The APA has set forth seven options for classifying the lands so far acquired. All of them call for creation of a Hudson Gorge Wilderness Area. They differ mainly in the classification of the Essex Chain Lakes and in the degree of motorized access to the Essex Chain and the Hudson.

» Continue Reading.


Friday, May 17, 2013

Hearings On New State Lands to Begin June 12

Essex ChainThe Adirondack Park Agency will kick off on June 12 a series of public hearings on the use and management of 22,500 acres of new state land, including the Essex Chain Lakes and parts of the Hudson River.

After the hearings, the APA will decide how to classify the lands—a decision that will affect how people can recreate and how accessible the lands will be. The state recently bought the former Finch, Pruyn timberlands from the Nature Conservancy.
» Continue Reading.


Saturday, May 11, 2013

Improving The High Peaks Wilderness

Great Range from the First BrotherThis week I am getting my mountain fix in the Pacific Northwest, where Amy and I are attending a school in wilderness woodcraft.  That circumstance will make this week’s Dispatch mercifully short.  It will have to serve as a prelude to a more substantial missive I have been working on for a few weeks, one  which will offer suggestions – some of them certain to provoke disagreement – for improving the wilderness experience in the High Peaks, better protecting the Forest Preserve in general and sensitive high mountain terrain in particular.

Regular readers know that I am a proponent of expanding the State’s wilderness holdings.  I have written a number of Dispatches on this topic, so will not repeat my justification for this position here.  But equal to that desire is the desire to see existing wilderness holdings become wilder and healthier over time.  It should be said right at the forefront that the people of the State of New York have done extremely well with that.  Tony Goodwin, commenting to me this week on a number of topics that will be part of my coming Dispatch, gave me a useful and important perspective on this when he described the conditions when he first climbed Mount Marcy, in 1957: » Continue Reading.


Friday, April 26, 2013

Judge Says Rafting Company Violated Law

cunningham-300x246The state attorney general’s office has won the bulk of its lawsuit against Hudson River Rafting Company and its owner, Patrick Cunningham.

State Supreme Court Justice Richard Giardino ruled on March 29 in favor of the state on three of four causes of action, finding that Hudson River Rafting violated the law by repeatedly sending customers on whitewater-rafting trips with unlicensed guides and transporting them in buses with unlicensed drivers.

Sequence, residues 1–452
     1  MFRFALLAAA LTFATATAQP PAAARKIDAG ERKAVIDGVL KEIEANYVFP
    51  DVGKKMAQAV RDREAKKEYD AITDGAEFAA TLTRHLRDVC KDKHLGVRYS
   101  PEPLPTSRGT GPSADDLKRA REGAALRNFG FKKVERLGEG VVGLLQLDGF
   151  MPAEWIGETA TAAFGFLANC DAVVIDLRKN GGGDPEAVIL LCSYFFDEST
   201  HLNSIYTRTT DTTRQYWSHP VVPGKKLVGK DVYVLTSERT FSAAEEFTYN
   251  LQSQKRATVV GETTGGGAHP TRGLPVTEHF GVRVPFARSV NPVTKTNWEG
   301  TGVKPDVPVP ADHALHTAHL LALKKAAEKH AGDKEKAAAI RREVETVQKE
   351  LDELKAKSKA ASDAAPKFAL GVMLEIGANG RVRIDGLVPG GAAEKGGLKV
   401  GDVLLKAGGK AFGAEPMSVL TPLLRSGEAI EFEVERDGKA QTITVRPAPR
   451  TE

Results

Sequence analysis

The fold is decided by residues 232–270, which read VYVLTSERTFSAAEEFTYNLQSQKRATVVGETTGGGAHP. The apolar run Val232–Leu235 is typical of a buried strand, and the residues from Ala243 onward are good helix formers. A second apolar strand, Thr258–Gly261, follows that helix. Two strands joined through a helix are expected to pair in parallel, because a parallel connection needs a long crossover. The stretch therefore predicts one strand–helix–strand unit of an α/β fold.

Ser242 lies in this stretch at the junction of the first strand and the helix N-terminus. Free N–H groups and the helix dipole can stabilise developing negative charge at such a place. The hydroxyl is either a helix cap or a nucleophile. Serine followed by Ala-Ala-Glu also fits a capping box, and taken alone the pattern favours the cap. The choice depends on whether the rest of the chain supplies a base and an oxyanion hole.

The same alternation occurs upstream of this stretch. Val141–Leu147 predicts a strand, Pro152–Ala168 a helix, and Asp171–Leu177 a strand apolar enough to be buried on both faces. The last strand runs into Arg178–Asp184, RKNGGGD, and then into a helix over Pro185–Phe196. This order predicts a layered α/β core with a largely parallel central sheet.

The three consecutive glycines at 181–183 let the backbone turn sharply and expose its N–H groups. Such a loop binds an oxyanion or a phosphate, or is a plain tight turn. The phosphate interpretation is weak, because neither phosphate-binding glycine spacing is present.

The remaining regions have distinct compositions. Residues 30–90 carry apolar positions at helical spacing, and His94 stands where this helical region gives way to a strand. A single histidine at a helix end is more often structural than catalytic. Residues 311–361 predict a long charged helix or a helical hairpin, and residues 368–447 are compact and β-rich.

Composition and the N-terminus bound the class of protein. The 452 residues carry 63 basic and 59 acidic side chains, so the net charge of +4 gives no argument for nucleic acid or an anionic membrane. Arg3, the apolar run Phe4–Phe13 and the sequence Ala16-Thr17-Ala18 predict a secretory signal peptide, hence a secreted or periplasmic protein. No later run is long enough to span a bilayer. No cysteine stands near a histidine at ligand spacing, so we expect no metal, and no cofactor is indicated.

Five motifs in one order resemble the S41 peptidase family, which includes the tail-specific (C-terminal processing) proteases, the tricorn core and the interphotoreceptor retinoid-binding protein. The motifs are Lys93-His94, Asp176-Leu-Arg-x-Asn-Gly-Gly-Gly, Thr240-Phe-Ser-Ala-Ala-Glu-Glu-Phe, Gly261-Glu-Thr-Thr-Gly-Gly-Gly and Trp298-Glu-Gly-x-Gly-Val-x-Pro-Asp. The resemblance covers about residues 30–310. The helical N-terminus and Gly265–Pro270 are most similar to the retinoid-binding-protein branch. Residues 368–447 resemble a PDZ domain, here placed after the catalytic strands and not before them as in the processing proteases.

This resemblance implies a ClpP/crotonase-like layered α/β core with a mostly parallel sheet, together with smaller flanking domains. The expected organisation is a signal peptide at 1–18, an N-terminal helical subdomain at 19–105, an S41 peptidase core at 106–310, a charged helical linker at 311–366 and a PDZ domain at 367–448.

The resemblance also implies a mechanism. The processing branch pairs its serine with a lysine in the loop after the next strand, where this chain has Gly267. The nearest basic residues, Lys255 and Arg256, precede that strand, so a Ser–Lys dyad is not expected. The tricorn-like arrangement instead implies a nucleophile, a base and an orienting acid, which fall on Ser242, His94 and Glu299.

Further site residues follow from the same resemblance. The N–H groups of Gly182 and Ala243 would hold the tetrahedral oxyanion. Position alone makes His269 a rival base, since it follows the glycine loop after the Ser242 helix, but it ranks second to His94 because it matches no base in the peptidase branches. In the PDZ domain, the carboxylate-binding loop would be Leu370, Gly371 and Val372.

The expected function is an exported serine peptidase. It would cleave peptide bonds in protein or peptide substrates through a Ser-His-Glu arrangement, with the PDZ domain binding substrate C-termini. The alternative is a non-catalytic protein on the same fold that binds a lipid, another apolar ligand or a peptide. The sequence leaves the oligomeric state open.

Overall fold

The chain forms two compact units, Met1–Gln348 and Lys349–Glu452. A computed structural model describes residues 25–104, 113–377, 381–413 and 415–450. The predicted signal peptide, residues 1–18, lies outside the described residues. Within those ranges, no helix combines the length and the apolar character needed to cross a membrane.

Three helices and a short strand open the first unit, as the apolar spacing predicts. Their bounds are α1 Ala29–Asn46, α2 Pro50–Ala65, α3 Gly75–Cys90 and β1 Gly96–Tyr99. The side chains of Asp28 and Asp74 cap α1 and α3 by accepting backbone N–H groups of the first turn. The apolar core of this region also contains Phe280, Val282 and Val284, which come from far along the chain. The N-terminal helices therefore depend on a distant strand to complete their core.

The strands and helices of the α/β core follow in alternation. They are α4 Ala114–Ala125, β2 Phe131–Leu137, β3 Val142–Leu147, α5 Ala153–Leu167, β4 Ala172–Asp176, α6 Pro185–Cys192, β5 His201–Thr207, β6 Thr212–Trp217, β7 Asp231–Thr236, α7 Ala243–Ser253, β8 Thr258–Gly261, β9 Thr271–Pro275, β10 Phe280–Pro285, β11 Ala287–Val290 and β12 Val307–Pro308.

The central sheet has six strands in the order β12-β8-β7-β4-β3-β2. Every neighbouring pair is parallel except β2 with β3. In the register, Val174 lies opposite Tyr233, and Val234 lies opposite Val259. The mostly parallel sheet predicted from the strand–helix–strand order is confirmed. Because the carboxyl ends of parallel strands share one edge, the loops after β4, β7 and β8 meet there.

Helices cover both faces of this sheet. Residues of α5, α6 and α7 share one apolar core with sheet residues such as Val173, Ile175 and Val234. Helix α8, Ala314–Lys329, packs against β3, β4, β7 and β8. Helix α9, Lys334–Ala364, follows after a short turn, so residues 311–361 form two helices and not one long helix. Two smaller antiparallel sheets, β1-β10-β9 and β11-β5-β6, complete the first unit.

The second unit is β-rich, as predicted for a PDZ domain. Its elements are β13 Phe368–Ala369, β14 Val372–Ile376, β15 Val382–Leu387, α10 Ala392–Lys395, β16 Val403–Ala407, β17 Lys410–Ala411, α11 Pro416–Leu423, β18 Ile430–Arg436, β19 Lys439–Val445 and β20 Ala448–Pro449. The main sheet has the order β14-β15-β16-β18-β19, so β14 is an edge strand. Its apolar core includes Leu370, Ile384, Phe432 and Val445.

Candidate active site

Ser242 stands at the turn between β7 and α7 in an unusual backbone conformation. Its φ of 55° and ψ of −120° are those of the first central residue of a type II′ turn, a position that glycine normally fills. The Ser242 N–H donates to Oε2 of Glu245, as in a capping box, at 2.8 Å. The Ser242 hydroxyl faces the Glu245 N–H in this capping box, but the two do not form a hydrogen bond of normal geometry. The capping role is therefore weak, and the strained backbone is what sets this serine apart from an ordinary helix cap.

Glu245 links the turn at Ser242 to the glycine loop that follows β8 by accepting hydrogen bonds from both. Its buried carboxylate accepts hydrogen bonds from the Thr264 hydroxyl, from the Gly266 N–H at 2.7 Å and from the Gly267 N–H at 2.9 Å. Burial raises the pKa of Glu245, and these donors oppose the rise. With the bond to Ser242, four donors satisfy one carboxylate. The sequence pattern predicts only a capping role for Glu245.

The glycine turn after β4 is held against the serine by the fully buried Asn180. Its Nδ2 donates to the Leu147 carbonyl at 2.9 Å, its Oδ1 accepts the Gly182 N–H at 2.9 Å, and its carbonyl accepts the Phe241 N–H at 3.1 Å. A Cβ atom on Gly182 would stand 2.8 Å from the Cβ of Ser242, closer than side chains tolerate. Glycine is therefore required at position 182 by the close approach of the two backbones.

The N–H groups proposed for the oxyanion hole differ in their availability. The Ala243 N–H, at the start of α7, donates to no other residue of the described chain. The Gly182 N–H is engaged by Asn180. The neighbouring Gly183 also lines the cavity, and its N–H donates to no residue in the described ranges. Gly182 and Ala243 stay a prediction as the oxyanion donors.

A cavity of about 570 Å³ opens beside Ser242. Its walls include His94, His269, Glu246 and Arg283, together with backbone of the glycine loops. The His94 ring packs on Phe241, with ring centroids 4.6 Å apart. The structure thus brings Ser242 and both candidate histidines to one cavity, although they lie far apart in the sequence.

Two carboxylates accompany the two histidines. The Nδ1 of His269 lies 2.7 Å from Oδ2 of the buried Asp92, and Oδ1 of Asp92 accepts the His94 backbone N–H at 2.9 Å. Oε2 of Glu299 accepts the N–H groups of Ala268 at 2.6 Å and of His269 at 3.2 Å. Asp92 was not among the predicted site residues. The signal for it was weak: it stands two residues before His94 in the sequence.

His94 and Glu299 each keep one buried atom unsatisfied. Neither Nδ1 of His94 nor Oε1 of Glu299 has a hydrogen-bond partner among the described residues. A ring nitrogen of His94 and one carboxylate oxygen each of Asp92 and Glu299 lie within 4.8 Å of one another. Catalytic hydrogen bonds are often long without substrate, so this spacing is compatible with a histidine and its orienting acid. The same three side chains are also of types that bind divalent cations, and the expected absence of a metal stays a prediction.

The judge has yet to determine any penalties, but he continued an order forbidding Hudson River Rafting from running whitewater-rafting trips. The whitewater season began a few weeks ago. » Continue Reading.


Monday, April 1, 2013

Marketing Local Farm Products to Adirondack Innkeepers

innkeepers and farmersCornell Cooperative Extension is hosting two workshops in the Adirondack Region in April, designed to bring accommodations together with farmers with products for sale. The project’s goal is to give innkeepers and farmers a chance to meet, get acquainted, encourage transactions, and, finally, to promote these opportunities in the future in a systematic way.

Each Innkeeper will take home a gift basket that could include jams and jellies, processed meat and grain products, flowers and produce in-season, or any kind of product or information on agritourism or services from New York farms. » Continue Reading.


Thursday, March 21, 2013

Journalism, Social Media, and Adirondack Marketing

Pew2013DigitalHave you altogether stopped watching, reading or listening to your go-to news source because it doesn’t provide the information you’re seeking? Well, you’re not alone.

The recently released Pew Research Center’s Annual Report on American Journalism, “The State of the News Media 2013”, finds that the power of journalism continues to shrink as the news industry continues to cut jobs and news coverage. In fact, estimates for the decline in newsroom employment – at newspapers – in 2012 is down 30 percent since its peak in 2000. » Continue Reading.


Wednesday, February 6, 2013

Dan Crane: Revisiting Adirondack Tourism

Upper Robinson RiverWhen I wrote my last article on the dangers of over promoting the Adirondack Park, I knew I was sticking my head out for a possible sound thrashing. Many of the Adirondack Almanack commenters did not disappoint me in this regard.

Unfortunately, the point of my article seemed to get lost in all the anger and angst, so I thought I would give it another go-around and try to explain my original idea a little better. This gives those who missed out at taking a whack at me last time another chance.

Along the way, I will attempt to address some of the many comments from the article. Inevitably, this will probably get me in even more trouble. If this proves to be the case, I can always create an alias or wear a disguise the next time I visit the Adirondacks.
» Continue Reading.


Sunday, February 3, 2013

Cabin Life: Ready For Winter Carnival

ToolsLike most people, I sometimes make decisions that I regret.  Last week I made one of those decisions, and I have been regretting it ever since.  The decision I made was to shave off my beard.  On the coldest day of the year.  It’s not that I’m worried about my ability to grow another beard, but it’s been, well, cold and for some reason I seemed to forget how much insulation I get on my face from the beard.  In hindsight, it was a horrible decision.

I made another decision recently which is turning out to be much better though.  I bought a double-bit ax for use around the property, and I could not be happier. » Continue Reading.


Saturday, February 2, 2013

Lost Brook Dispatches: A Third Way

wrestlersThis week I am taking a short break from my surveying series, having been inspired by the spirit of a number of important conversations that have recently been unfolding on the pages of the Almanack.

Consider two Adirondack-loving persons.  Both are reasonably decent, honest, clear-headed, thoughtful people.  They work, they raise families, they vote and they enjoy the woods and mountains in their own way.  They have a variety of views on the wide spectrum of issues that affect the future of the Adirondack Park.  Let’s call one Mr. P and one Mr. N. » Continue Reading.